By Kim Reynolds and Liam Blundell
What’s all the fuss about?
Changes to the corporate tax rate have been a hot topic over the recent years and it might seem like the rules are ever changing. So, what is all the fuss about and how does a company work out what its tax rate is?
The Government has introduced a decrease in company tax rates from 30% to 27.5%, further decreasing to 26% and then 25% in coming years.
Unfortunately no, it’s not quite that simple. There are two tests to look at in order to determine if your company qualifies for the lower corporate tax rate.
A base rate entity is a company that both:
- has an aggregated turnover less than the aggregated turnover threshold
- 80% or less of their assessable income is base rate entity passive income
Aggregated Turnover Test
What is aggregated turnover? It’s not as simple as looking at only the company’s turnover.
Aggregated turnover is the company’s annual turnover from carrying on a business plus the annual turnover from carrying on a business of any business or individual “connected with” or affiliated with the company.
Is the company carrying on a business?
The ATO has issued TR 2017/D7, a draft tax ruling on this issue which indicates that whether a company is carrying on a business requires consideration of a number of factors including:
- the nature of the company’s activities, particularly whether they are intended to be profit making
- the company’s intention to carry on a business
- the degree of repetition and regularity of the company’s activities, including whether the activities are carried on in a business-like manner, and
- the size and scale of the company’s operations
Meaning of “connected with” and “affiliate”
Determining entities “connected with” and affiliated with the taxpayer can be a complex exercise. So who is an affiliate and what does “connected with” actually mean?
An affiliate will be a company or individual that carries on a business that will generally act in concert with or in accordance with the directions or wishes of the taxpayer.
Whereas, an entity will be connected with another entity if either entity “controls” the other, or both entities are “controlled” by a common third entity.
“Control” may exist where the taxpayer, its affiliates, or the taxpayer with their affiliates have a right to at least 40% of voting power/distributions of a company, unit trust or partnership. “Control” of a discretionary trust may arise where a beneficiary has received a distribution of at least 40% of the income/capital of a trust in previous 4 years or where the trustee might act in accordance with the directions or wishes of the taxpayer, their affiliates, or the taxpayer together with their affiliates.
Base Rate Entity Passive Income Test
As the name suggests, this test requires companies to calculate what percentage of their assessable income is passive income. Base rate entity passive income (BREPI) includes:
- Dividends other than non-portfolio dividends (a dividend is non-portfolio if paid to a company and the company has a >10% voting interest in the company paying the dividend)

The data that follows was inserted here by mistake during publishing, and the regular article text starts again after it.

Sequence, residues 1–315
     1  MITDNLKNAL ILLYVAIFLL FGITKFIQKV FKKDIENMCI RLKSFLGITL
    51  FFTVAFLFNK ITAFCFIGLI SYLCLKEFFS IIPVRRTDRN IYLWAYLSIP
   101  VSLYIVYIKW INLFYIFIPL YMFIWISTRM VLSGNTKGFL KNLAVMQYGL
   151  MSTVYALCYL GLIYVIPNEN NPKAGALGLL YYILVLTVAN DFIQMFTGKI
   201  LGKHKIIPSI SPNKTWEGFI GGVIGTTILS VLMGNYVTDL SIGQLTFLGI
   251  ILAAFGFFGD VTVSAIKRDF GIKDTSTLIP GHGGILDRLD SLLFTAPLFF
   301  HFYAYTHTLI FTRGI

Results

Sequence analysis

- Franking credits on such dividends
- Non-share dividends
- Interest income (with some exceptions, i.e. an authorised deposit-taking institution is not passive income)
- Royalties and rent
- Gains on qualifying securities
- Net capital gains
- Income from trusts or partnerships, to the extent it is traceable (either directly or indirectly) to an amount that is otherwise base rate entity passive income
If the percentage of the BREPI exceeds 80% of the total assessable income of the company, the lower corporate tax rate will not apply – even if the company has passed the aggregated turnover test as both tests need to be satisfied.
For example, where a company’s assessable income is made up of $85,000 of interest income and $15,000 of business income, the 80% passive income test would be failed as the passive income would be greater than 80% of the assessable income.
Effect of the Changing Tax Rate on Franking Credits
With the recent and ongoing changes to the corporate tax rate, it’s important to make sure any dividends are franked at the correct rate.
To work out the maximum franking rate, the company must apply the current year aggregated turnover threshold to the BREPI, assessable income and aggregated turnover of the previous year.
For example, where a company pays a dividend in 2018–19, its maximum franking rate was limited to 27.5 per cent where both of the following conditions are satisfied:
- the company’s aggregated turnover in 2017–18 was less than $50 million (being the turnover threshold for the 2018–19 income year); and
- the company’s BREPI for the 2017–18 income year is no more than 80 per cent of its assessable income for the 2017–18 income year.
Can a company choose its tax rate?
No, there is no scope in the legislation for a company to choose its tax rate. Therefore, the complex issues outlined above must be carefully considered.
An Important Message
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